A panel discussion featuring Mejay Gula, Julia Sedlock, and Amanda Williams. Moderated by Andrew Santa Lucia.
Chicago architect, designer and critic Andrew Santa Lucia staged a dramatic intervention in the McCormick House on commission from the Elmhurst Art Museum. Guided by the religion "Miesian Mysticism," a proposed faith he uncovered during his exploration of Mies van der Rohe's formal vocabulary and historiography, Santa Lucia transformed both wings of the modernist structure into altar rooms. In his words, "Altars help to make houses into homes precisely by reclaiming and misusing the territories of the interior—walls, floors, furniture, windows, nooks and crannies—for the sake of an individual's belief system."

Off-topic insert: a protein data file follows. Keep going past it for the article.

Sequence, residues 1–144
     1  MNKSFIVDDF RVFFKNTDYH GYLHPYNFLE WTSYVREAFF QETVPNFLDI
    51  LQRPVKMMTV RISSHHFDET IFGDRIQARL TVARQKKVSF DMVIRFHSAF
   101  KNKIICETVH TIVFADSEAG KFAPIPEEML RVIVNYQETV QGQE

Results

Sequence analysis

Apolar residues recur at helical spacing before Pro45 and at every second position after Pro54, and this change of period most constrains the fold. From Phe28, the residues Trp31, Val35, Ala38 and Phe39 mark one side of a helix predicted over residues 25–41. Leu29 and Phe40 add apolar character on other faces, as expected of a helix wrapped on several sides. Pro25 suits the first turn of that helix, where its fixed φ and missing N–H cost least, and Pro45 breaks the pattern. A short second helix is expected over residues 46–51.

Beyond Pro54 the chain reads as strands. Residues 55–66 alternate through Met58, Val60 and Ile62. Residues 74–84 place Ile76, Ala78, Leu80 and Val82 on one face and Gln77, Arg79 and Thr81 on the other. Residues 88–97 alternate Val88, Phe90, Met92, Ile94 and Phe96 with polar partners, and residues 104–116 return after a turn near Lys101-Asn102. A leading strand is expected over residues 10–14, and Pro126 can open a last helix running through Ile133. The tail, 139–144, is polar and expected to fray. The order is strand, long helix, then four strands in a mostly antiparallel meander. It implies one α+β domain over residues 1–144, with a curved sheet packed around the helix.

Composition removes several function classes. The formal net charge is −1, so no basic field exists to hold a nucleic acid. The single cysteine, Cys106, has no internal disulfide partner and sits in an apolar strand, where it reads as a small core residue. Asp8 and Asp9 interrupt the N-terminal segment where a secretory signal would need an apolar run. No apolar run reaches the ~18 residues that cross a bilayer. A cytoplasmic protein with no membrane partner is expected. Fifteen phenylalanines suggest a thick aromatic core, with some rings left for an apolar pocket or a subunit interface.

Through the addition of large-scale architectural elements—walls and platforms—as well as niches, small and large boldly colored ritual objects, candles, and atmospheric lighting, Santa Lucia's intervention alludes to two types of sacred space: the one that a house becomes when it is filled with homemade altars, a common practice among certain religious devotees, as well as a historic space that converses with the man who built it, perhaps a comment on the McCormick House. Santa Lucia both challenges and participates in the ongoing veneration of van der Rohe, the "modern master," by critiquing his cult of personality at the same time as creating a space for worshipping architecture.
Presented as part of the William Bronson and Grayce Slovet Mitchell Lecture Series, which is free and open to the public. AIA Learning Units available for most lectures and events.